Hi, I'm Evan Morgan, and in this module I'll be discussing Data Security Controls. Data security controls is one of the six subdomains of the Asset Security domain of the Certified Information Systems Security Professional certification, or as it is commonly referred to, the CISSP. Data security controls is a key concept to understand for any information security program, but especially for the CISSP exam, as effective controls are the cornerstone of any information security program. In this module, we'll start off with an introduction to data security controls, then we'll dive in a little deeper on what data security controls really are. What does it mean to secure data with a control? Then we'll talk about how data classification and data security controls relate to each other. We'll also discuss a few access control methodologies, followed by common cryptography methods used by organizations today. Lastly, we'll talk about how automation can be considered the Holy Grail for some, but it's critical to enabling an information securities program to scale, as the business grows.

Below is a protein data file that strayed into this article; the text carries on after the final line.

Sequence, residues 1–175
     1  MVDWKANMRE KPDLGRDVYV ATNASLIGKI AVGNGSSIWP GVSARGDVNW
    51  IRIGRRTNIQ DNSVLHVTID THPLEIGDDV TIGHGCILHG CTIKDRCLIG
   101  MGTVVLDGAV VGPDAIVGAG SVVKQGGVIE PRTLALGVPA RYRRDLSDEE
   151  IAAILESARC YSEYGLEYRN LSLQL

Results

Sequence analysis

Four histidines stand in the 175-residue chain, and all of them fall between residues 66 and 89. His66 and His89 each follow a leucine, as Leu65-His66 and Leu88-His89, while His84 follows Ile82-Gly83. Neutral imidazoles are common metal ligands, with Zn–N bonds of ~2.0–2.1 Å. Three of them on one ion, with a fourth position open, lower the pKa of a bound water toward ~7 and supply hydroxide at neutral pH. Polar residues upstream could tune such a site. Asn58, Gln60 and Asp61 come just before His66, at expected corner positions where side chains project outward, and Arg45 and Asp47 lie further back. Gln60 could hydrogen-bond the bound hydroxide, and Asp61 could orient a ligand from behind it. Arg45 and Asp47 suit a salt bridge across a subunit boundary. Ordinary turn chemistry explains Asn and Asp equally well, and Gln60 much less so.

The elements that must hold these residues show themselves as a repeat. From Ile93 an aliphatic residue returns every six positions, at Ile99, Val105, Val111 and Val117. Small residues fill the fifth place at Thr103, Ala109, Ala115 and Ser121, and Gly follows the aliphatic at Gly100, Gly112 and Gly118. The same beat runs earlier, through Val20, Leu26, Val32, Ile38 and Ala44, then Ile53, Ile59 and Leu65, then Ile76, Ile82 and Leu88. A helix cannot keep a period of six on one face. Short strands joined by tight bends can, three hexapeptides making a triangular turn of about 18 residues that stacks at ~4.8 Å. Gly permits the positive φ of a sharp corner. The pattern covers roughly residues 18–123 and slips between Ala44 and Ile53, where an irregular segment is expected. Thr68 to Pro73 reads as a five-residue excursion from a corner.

Handling Requirements
Hi, I'm Evan Morgan, and in this module I'll be discussing Handling Requirements. Handling requirements is one of the six subdomains of the Asset Security Domain of the Certified Information System Security Professional's Certification, or as it is commonly referred to, the CISSP. Handling requirements is a key concept to understand for any information security program, but especially for the CISSP exam. In this module, we'll start off with an introduction to handling requirements. Then we'll dive in a little deeper on what requirements really are. What does it mean to properly handle data, and why does it matter? Then we'll talk about how data classification directly ties to handling requirements. Lastly, we'll talk about what some of the more common handling requirements are for organizations.